A Year in Performance – 2012

31 12 2012

2012 has been a year of travel and transition. When compiling my Best of 2012 list from the reviews I had written for L.A. Weekly and Stage and Cinema, not to mention the playbills I had accumulated from a hundred or so additional shows that I had seen but not reviewed, I was thrilled to find that my list encompassed my final months in LA, my first months in my new New York City home, and even a brief trek to DC for a friend’s wedding. The list also crosses genres from musicals and plays to cabarets and concerts, from mainstream Broadway venues to 99 seat black box theaters. In no particular order, here are my theatrical highlights of 2012.

Everything at Joe’s Pub … but especially February House

Since moving to NYC, I have spent many a night at Joe’s Pub. With affordable ticket prices and a dynamic lineup of entertainment, not to mention a snazzy new menu featuring pizza popcorn, Joe’s Pub has quickly become one of my favorite venues in the city. I streamed The Civilians’ first Occupy Wall Street cabarets when I was living in LA in 2011, but I was thrilled to catch their one year anniversary cabaret live and in person. My friends and I were relieved that we didn’t have to commit mass suicide with Ben Walker and his cohort of provocative standup comics at Find the Funny on Election Night. Frisk Me: The Songs of Max Vernon packed the house unlike any other show I had seen at Joe’s Pub, marking an exciting step in this genre-bending singer-songwriter’s career. And having fallen in love with the folk storytelling of PigPen Theatre Company at The Old Man and the Old Moon, I swept my friends away to two concerts featuring songs from their new album Bremen; the boys’ rolling harmonies are guaranteed make your jaw drop, and their camaraderie – swapping instruments as they share silly stories – is totally endearing.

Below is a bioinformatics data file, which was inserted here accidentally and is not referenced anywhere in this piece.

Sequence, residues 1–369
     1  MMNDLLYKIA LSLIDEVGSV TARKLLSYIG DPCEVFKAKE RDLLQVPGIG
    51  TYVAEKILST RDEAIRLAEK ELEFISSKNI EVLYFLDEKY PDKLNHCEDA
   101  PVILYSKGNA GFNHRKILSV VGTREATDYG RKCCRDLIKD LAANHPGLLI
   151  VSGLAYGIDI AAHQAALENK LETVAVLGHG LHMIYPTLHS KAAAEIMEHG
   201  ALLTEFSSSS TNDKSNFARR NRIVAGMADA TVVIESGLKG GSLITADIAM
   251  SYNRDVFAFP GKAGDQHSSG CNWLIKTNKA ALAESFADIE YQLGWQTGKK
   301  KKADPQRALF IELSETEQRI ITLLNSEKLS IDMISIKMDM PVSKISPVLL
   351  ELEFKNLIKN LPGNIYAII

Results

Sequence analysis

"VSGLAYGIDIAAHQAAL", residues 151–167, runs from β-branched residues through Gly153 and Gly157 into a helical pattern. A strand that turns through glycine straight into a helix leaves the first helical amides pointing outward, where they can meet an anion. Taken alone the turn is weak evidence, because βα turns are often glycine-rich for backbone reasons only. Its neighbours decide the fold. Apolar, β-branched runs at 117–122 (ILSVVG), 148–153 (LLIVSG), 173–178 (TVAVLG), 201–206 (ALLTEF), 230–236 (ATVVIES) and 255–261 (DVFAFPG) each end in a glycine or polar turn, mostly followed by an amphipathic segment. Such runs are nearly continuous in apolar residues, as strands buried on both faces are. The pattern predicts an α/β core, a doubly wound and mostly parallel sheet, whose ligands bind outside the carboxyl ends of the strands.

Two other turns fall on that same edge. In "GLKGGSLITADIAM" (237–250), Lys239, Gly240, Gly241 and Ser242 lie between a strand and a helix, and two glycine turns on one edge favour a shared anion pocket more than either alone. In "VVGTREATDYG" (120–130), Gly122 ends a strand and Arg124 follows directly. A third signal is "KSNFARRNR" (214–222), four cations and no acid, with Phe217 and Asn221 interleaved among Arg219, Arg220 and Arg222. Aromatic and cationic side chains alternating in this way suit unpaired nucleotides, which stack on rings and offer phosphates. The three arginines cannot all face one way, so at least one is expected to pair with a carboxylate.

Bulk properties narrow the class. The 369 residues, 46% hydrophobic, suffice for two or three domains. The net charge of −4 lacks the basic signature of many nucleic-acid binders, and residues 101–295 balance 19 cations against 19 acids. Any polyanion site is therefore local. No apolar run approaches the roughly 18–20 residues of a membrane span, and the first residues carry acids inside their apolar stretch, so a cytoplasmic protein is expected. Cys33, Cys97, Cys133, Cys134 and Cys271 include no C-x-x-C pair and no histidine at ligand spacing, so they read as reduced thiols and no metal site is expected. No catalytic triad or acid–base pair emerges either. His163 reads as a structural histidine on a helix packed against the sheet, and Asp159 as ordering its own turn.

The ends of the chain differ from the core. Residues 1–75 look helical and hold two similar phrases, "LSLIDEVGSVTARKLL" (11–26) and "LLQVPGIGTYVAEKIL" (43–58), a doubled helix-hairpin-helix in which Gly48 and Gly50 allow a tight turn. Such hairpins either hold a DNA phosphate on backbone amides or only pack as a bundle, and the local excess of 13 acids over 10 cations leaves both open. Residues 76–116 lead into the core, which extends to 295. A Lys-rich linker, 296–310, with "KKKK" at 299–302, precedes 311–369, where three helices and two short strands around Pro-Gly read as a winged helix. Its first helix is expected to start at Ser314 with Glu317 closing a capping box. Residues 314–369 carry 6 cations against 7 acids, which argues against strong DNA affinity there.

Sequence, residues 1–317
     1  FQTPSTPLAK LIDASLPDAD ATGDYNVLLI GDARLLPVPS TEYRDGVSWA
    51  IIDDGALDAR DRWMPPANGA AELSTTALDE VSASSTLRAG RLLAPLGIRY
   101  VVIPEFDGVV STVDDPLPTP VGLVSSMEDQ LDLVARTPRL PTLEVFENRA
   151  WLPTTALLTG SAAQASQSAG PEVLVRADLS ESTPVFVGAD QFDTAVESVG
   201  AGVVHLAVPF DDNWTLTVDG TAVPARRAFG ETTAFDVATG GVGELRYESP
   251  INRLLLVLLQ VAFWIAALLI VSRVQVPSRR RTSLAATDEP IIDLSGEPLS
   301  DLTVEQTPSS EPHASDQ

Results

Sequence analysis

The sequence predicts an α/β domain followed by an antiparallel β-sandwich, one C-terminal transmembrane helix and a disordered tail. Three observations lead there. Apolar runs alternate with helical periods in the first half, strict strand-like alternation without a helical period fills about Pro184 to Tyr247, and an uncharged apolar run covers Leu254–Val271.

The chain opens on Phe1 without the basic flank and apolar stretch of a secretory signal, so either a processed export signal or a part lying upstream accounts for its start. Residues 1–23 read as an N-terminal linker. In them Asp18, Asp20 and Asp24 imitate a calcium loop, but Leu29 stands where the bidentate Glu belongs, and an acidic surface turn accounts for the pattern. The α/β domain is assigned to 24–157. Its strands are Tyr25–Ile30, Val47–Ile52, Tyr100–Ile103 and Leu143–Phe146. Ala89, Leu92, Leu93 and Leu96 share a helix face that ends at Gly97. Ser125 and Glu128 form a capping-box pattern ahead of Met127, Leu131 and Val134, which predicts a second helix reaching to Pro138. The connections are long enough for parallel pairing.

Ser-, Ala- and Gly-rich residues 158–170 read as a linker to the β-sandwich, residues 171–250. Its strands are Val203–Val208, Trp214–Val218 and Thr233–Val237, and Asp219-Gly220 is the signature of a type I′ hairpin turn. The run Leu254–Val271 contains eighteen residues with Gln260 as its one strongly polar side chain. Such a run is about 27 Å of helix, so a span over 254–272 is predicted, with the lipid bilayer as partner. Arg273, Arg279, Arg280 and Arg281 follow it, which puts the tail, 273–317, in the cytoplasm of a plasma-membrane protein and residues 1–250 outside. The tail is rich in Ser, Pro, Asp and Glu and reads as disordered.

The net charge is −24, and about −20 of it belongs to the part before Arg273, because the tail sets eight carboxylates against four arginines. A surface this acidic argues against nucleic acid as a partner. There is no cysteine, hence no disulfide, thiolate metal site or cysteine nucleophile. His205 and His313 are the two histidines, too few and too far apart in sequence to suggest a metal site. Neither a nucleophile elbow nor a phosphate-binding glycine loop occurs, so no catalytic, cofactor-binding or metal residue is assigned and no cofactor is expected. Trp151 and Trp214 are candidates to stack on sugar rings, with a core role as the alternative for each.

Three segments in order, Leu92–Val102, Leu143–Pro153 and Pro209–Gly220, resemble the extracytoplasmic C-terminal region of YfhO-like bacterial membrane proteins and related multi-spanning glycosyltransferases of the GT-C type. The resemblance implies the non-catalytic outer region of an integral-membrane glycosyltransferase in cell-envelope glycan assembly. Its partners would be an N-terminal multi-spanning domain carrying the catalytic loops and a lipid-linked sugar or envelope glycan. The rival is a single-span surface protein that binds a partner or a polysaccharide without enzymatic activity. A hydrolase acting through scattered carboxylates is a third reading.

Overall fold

One night at Joe’s Pub in particular soars in my memory: the cast album release concert for February House, with book by Seth Bockley and music and lyrics by Gabriel Kahane. February House chronicles an attempt to build an empire of artists in a Brooklyn Heights boardinghouse just before the outbreak of WWII; George Davis’ utopian experiment included artistic luminaries such as Carson McCullers, W.H. Auden, Benjamin Britten, Peter Pears, and even Gypsy Rose Lee. While the musical may have been criticized for a weak book at the Public, the score stuns in concert. A sophisticated musical vocabulary breathes life into this reimagined writer’s menagerie: Kristen Sieh sighs secret longings into Carson McCullers’ lonely ballads, which are accompanied by a sole banjo; Britten (Stanley Bahorek) and Pears (played by an exuberant Kahane on this night) burst into an hysterical operatic duet about “Bedbugs” plaguing the boardinghouse; and Kacie Sheik stops the show with the sassy and smart stripper’s song “A Little Brain.”

Yet it was the longing strains of “Wanderlust” that most captivated me: a scalar melody underpinned by an unexpected and entrancing chord progression; a queer quartet, gently unfolding and subsuming me into this artistic utopia. I wanted to cling to that expansive moment forever. Suffice it to say, February House – along with Kahane’s other astounding body of work in popular and classical music – became the soundtrack for my transition to NYC this fall. Be sure to catch Kahane’s concert at Joe’s Pub on January 14, and keep your eyes peeled for his WPA project with the Orpheus Chamber Orchestra later in 2013, which should prove to be another fresh and rewarding take on a history that resonates in the here and now.